You wouldn’t eat in a dirty restaurant, or have surgery in a filthy operating room, so why in the world would you settle for a less that sanitary tattoo studio? You wouldn’t. When a tattoo parlor sets up shop in a city in which the practice is legal, (believe it or not, there are still places in the United States where it’s not) it is liscensed by the city in the same way any other business would be and is subject to the same rules.
However, there are, as of yet, no governmental bodies or laws geared specifically toward regulating the sanity of the body art industry. Over the years, there have
been times when the government, at various levels, has threatened to stick its nose into the tattoo business. So far professional tattooists have prevented that by self regulation. Here are some things you should look for to make sure you have a happy, healthy tattoo experience.
o Needles – They should be sterile to start off with and disposed of every single time. Above all else, needles should never be used more than once. It’s a good idea for tattooists to break and properly dispose of the used needle where the customer can see them. This gives the tattooist a little accountability and incentive to finish the job right while instilling confidence in the facility in the customer. At the very least it’s good for business.
o Gloves – If the tattooist acts like he’s about to touch your skin without gloves on, scream. It’s a popularly know fact that we carry a lot of germs on our hands. Before your tattooist begins working on you, he should was his hands with antibacterial soap and put on a fresh pair of gloves. After the gloves go on, he should not touch anything but your skin and his already sterile equipment. If he steps away from the sterile environment for any reason: to talk to another customer, answer the phone, operate the cash register, anything, the process should be repeated with a new pair of gloves.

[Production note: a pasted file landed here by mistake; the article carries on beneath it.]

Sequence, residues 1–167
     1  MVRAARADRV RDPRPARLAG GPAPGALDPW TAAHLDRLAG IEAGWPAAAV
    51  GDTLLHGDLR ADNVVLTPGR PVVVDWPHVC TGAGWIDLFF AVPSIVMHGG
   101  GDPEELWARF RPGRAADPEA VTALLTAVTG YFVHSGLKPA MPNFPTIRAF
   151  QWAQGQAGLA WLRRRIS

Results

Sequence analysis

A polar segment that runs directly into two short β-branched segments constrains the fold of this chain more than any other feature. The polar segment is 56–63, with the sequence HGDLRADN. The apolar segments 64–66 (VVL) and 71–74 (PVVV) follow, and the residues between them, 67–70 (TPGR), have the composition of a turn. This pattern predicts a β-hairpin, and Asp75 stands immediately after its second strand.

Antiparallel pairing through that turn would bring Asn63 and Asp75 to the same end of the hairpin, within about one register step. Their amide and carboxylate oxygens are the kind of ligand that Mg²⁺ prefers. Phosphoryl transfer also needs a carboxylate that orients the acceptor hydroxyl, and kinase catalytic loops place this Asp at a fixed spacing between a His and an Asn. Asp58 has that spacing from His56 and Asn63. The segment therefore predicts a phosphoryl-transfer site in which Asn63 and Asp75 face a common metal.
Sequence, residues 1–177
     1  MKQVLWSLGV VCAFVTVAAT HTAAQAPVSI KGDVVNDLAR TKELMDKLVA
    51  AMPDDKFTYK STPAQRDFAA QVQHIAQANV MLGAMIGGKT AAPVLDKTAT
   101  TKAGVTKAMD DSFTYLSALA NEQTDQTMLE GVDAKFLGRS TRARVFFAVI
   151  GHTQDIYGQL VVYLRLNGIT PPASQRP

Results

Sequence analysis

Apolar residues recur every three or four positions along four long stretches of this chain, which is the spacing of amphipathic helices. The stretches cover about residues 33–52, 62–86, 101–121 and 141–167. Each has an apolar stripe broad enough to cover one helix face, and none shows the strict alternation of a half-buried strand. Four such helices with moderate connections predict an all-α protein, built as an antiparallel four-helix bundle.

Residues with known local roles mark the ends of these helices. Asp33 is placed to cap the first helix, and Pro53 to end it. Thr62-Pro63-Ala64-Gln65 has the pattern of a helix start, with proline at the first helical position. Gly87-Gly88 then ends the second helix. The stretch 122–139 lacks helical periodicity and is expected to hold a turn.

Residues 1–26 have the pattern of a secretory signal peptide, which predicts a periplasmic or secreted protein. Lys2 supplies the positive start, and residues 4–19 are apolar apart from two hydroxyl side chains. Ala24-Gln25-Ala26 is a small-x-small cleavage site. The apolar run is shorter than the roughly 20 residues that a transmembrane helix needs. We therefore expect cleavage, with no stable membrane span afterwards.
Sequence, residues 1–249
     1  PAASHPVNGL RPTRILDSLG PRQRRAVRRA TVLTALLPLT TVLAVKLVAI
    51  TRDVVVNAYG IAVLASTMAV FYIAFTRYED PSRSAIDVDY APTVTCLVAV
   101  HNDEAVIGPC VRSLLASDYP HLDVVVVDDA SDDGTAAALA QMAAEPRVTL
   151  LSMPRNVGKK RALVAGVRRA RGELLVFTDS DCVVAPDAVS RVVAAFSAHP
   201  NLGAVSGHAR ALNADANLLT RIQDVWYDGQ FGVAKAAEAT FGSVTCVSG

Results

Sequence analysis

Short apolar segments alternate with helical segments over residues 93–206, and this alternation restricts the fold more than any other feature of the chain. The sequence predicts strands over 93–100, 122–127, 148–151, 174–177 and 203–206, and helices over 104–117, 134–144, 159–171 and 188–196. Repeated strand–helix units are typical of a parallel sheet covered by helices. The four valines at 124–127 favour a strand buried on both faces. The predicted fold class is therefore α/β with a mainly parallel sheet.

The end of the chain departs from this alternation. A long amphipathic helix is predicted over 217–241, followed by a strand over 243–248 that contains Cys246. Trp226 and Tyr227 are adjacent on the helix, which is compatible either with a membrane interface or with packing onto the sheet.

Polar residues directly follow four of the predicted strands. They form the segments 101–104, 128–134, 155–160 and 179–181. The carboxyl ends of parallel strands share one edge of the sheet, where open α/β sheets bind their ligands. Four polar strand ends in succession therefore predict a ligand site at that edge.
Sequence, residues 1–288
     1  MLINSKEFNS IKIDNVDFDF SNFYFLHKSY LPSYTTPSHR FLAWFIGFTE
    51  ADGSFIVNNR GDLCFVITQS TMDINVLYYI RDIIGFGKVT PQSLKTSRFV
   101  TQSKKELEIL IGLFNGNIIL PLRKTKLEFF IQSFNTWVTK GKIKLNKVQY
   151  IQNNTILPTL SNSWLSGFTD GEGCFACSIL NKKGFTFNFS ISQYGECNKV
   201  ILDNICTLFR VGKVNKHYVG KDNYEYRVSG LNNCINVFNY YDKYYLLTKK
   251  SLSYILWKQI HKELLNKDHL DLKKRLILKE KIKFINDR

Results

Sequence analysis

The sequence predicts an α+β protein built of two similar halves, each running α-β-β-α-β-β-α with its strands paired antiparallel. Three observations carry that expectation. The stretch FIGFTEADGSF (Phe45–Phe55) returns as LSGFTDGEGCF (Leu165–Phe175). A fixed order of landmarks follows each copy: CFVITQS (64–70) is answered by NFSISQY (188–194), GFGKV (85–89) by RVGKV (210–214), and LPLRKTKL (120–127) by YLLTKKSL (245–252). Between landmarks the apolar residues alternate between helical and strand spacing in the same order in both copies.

o Autoclave – We you are in the process of auditioning shops for your new tattoo, be sure to look around for an autoclave. This is a machine roughly the size of a microwave that is used to serialize tattoo equipment. Dentists and doctors also use them. Smart tattooists keep their autoclaves in sight of the customers for all the same reasons they let them see the broken needles.
o Ink – The tattooist should always throw out left over ink after every project. All kinds of airborne contaminants can fly into open ink pots and stick there. Reusing
In a good shop, you should be able to observe most of these practices just while you are waiting in line. If not, don’t hesitate to ask some questions. A tattooist with nothing to hide won’t mind talking with you. If he acts nervous, or like you’re bothering him, just turn around and walk out. There are enough good, clean shops out there that there’s no need for you to compromise your health or the quality of your experience.
The Alliance of Professional Tattooists, Inc. was founded in the summer of 1992 to educated and protect the interests of both the tattooer and the tattooee. Membership hopefuls must be able to prove at least three years of documented tattooing experience, use an autoclave and attend a nine hour seminar on microbiology and how diseases are contracted. The APT sets guidelines for sanitation practices and, with the help of OSHA (Occupational Safety and Health Administration) enforce hefty fines of up to $7,500 a day to encourage members to operate safe, clean shops.